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Glitch in new health insurance marketplace stalls enrollment of uninsured in Charlotte

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North Carolina’s new online health insurance marketplace opened Tuesday, but the website promptly stalled, and some consumers resorted to filing applications the old-fashioned way – on paper.

Staffers at N.C. MedAssist, one of three Charlotte agencies that received federal grants to help consumers enroll, tried to sign on before 9 a.m., but they didn’t get far.

“We have a lot of visitors on our site right now…,” said the screen message at www.healthcare.gov, the centerpiece of the federal Affordable Care Act. “Please wait until we send you to the login page. Thanks for your patience!”

Sorien Schmidt, N.C. director of Enroll America, a nonpartisan nonprofit working to enroll the uninsured, tried to reassure so-called navigators and application counselors that this was just a temporary glitch.

“No one, not even Apple or Microsoft, releases software, much less a website for the entire nation, that works perfectly on the first release. ... I think we just stay calm.”

In anticipation of problems, Charlotte agencies had planned to take the first day slowly. MedAssist and Legal Services of the Southern Piedmont each booked only three appointments.

“We’re trying to do a slower roll-out and make sure that we really understand the process and are giving the best possible assistance to the consumers,” said Legal Services lawyer Madison Hardee.

Later in the day, Hardee called the federal hotline and was told the site might not be working until the end of the week.

So, when Lisa Knight, 52, arrived for her afternoon appointment, Hardee helped her fill out a paper application. They hope to hear back in a couple of weeks whether Knight and her husband qualify for premium subsidies that would make insurance affordable.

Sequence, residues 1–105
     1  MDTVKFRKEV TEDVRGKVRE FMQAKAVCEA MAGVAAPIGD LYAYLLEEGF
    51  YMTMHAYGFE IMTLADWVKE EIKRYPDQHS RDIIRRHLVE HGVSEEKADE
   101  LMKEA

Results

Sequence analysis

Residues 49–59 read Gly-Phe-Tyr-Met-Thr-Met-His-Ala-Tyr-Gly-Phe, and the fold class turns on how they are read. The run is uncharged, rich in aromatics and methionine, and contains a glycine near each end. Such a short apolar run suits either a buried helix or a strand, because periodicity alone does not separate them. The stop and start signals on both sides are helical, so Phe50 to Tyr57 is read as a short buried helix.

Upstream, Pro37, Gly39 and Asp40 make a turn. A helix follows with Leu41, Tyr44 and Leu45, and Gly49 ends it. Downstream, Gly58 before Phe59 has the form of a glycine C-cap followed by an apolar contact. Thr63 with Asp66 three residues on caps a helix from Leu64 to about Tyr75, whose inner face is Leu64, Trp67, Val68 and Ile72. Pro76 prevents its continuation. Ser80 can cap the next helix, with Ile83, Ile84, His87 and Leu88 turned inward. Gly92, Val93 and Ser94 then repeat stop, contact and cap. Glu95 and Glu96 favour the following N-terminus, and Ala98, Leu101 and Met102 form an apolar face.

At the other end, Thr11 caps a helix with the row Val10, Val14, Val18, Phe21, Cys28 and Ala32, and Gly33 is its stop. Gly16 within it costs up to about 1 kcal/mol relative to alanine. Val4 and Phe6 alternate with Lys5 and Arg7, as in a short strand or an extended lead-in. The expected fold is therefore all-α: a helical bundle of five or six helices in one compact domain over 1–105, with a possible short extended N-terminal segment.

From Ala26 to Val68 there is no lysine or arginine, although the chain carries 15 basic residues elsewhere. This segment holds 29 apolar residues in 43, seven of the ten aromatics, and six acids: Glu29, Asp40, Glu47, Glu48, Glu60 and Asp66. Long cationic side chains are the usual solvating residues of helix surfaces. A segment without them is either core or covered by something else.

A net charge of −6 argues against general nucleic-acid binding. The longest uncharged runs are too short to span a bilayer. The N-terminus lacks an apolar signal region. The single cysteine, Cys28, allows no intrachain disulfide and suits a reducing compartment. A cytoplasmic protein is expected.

The Charlotte couple’s income is about $15,700 a year, which puts them just over the federal poverty level. They would have qualified for Medicaid if North Carolina had not declined Medicaid expansion, the part of the health overhaul intended to cover the poorest of the poor. But they still might qualify for a subsidy, Hardee said.

“This is what I’ve been waiting for,” said Knight, who is uninsured and takes medicines for emphysema, chronic obstructive pulmonary disease, arthritis pain, depression and anxiety. Her prescriptions cost more than $150 a month. Another drug, Spiriva, prescribed for her breathing problems costs $500 a month. “I have quit taking it because I can’t afford it,” she said. “It’s a struggle.”

At C.W. Williams Community Health Center, the other Charlotte agency receiving federal money to help with enrollment, officials held a celebratory news conference on the lawn outside the Wilkinson Boulevard clinic. About 50 people cheered at the mention of the law commonly called “Obamacare.”

“It is a good day,” said State Rep. Carla Cunningham, a Charlotte Democrat and a registered nurse. “It is a good day when no one in the state has to die for lack of health insurance.”

Garloch: 704-358-5078
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